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RE: Steel Framing - Aerobic vibration criterion

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The cheapest means of controlling vibration is to add mass.  It is much more efficient and cost effective than adding stiffness.  Go to a thicker concrete slab with normal weight concrete. 
 
Another approach is to add distributed mass dampers.  This method has been employed many many times.  I used it in the 1970's to control the vibration at a shopping mall by suspending concrete weights from springs. 
 
There is also a manufacturer of plastic containers that are suspended by springs and attached to the deck from below.  The plastic containers are filled with water until you get the appropriate mass for the damping you desire.  I can not recall the manufacturer. 
 
 http://www.aees.org.au/Proceedings/2006_Papers/257_Saidi_et_al.pdf

Regards, Harold Sprague


 

Subject: FW: Steel Framing - Aerobic vibration criterion
Date: Thu, 23 Jul 2009 17:39:44 -0400
From: mStuart(--nospam--at)cmxengineering.com
To: seaint(--nospam--at)seaint.org

Posted on behave of another engineer at CMX:
Hello All,

 

I am in the process of designing a new composite slab on steel framing system for basketball and racquetball use as well as cardio activities.    It’s a new 13’000 ft^2 mezzanine.   The approximate column grid is 30’ x 31’.   

 

I am following the requirements for vibration criteria for aerobic type of floors per AISC design guide 11 – Chapter 5.   Per table 5.3, the minimum required floor frequency for an aerobic floor is 9 to 10 Hz.   I am having a difficult time trying to achieve this frequency even after significantly increasing the size of both interior and exterior girders (e.g., W30 x 116 & W24 x 55 respectively) as well as the typical beams (W21 x 44 although for stresses and deflection – even a W14 x22 or W16 x 26 could work).  I’ve even divided the 30’-0” bay into 4 spaces yielding 7’-6” spacing for the filler beams.   These sizes get me a mere 6 Hz?  While it may be possible to achieve the required frequency by increasing the beam and girder sizes even more, the sizes will be so large and uneconomical.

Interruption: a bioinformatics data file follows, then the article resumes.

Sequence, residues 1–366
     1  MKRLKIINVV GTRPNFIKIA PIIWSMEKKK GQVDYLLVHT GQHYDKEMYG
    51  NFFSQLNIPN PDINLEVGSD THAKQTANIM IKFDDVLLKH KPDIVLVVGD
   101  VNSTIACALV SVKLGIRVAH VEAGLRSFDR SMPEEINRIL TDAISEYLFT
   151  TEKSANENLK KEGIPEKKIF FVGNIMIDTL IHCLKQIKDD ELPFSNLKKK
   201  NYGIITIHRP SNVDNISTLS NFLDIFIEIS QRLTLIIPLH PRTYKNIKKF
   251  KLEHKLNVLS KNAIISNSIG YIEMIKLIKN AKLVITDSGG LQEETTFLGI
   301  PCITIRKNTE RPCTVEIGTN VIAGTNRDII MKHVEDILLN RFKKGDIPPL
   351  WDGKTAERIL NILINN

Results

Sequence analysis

Does anyone have any prior experience designing composite slab on steel framing systems for such vibration criteria?   I am looking for a reality check on member sizes?  Any guidance/suggestions would be greatly appreciated? 

 

Please let me know ASAP.

 

Thanks.

Ashu Patel, P.E.                                                     
 Project Manager
Structural Department
CMX
200 State Highway Nine
Manalapan, NJ 07726-0900
Phone (732) 577-9000 ext. 334
Fax (732) 577-9888
website: www.cmxengineering.com

 



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